After the success of the hospital-within-a-hospital model for long-term acute care, a new healthcare company said last week it had raised $7 million from three independent venture capital funds to use the same model for inpatient rehabilitation.
The St. Louis-based company, Centerre Healthcare Corp., was incorporated in 1999 as a rural hospital startup but it began business officially this year after refocusing its niche on rehabilitation. It aims to open its first hospital-within-a-hospital by mid-2003. Centerre is in lease negotiations with one hospital and in various stages of development with "a couple dozen" other hospitals, company co-founder and Chief Executive Officer John Lewis told Modern Healthcare.
"We'll be one of the first to the new hospital-within-a-hospital space for rehabilitation," he said.
Lewis said the only other company to look into the concept is Birmingham, Ala.-based HealthSouth Corp., the nation's largest rehabilitation hospital chain. But unlike HealthSouth, "this will be our only business," Lewis said.
Lewis previously launched Intensiva Healthcare Corp. in 1994 under the hospital-within-a-hospital model. The company, which operated 22 specialty hospitals for critically ill patients, went public in 1996 and was sold to Select Medical Corp., Mechanicsburg, Pa., in 1998 for more than $110 million. Lewis' partner in Centerre, co-founder and Chief Financial Officer John Keefe, previously was CFO at NextCare, a long-term acute-care company in Austin, Texas, that merged with long-term acute-care provider LifeCare, Plano, Texas, in May 2001, Lewis said.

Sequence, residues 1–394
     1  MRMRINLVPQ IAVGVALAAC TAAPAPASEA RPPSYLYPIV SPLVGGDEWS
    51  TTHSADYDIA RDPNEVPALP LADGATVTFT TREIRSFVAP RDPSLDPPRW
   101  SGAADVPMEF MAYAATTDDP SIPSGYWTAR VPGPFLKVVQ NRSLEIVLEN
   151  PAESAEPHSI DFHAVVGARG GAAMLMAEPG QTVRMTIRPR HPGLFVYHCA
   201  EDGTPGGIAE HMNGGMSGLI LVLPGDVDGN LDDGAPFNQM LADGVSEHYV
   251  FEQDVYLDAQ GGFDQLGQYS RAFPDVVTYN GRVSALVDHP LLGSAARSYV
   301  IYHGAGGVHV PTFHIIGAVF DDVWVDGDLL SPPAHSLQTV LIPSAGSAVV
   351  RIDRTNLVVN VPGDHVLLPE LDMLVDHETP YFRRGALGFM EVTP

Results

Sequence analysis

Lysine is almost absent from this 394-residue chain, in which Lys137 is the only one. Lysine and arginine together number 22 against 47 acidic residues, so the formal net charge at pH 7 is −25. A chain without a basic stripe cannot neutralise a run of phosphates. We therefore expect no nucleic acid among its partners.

Centerre has no plans to open freestanding rehabilitation hospitals or pursue outpatient care and will focus most of its operations in the central U.S., particularly in the Midwest, Lewis said.
"We think (inpatient care) is the most effective outsourcing model for our hospitals," he said. "These patients are 4% of the hospitals' population but 100% of ours, and so our specialization really allows us to optimize or maximize the value of having rehabilitation in the hospital."
Daniel Rosenberg, a principal at Northbrook, Ill.-based Sterling Venture Partners, which provided roughly $2.8 million in financing, said Centerre will look for a second round of financing in the coming year.
"The management team-these are very incredible guys, strong operating guys, visionaries, and they've proven before they can do it," he said. "We're backing successful entrepreneurs who have made money."
Lewis said the Centers for Medicare and Medicaid Services' approval of a new prospective payment system that went into effect in January was a catalyst to create a new company in an atmosphere of fair reimbursement. Under the new PPS, rehabilitation facilities will be reimbursed based on the characteristics of each patient they admit, and Medicare will pay hospitals more to care for patients with greater needs, as determined by an assessment of their diagnoses.
"The change in reimbursement created what we see as a large and exciting business opportunity," he said.
Lewis said Centerre could go public within a few years, and that other providers also may jump into the business model.
"We think it's an attractive opportunity and anticipate others will evaluate it," he said.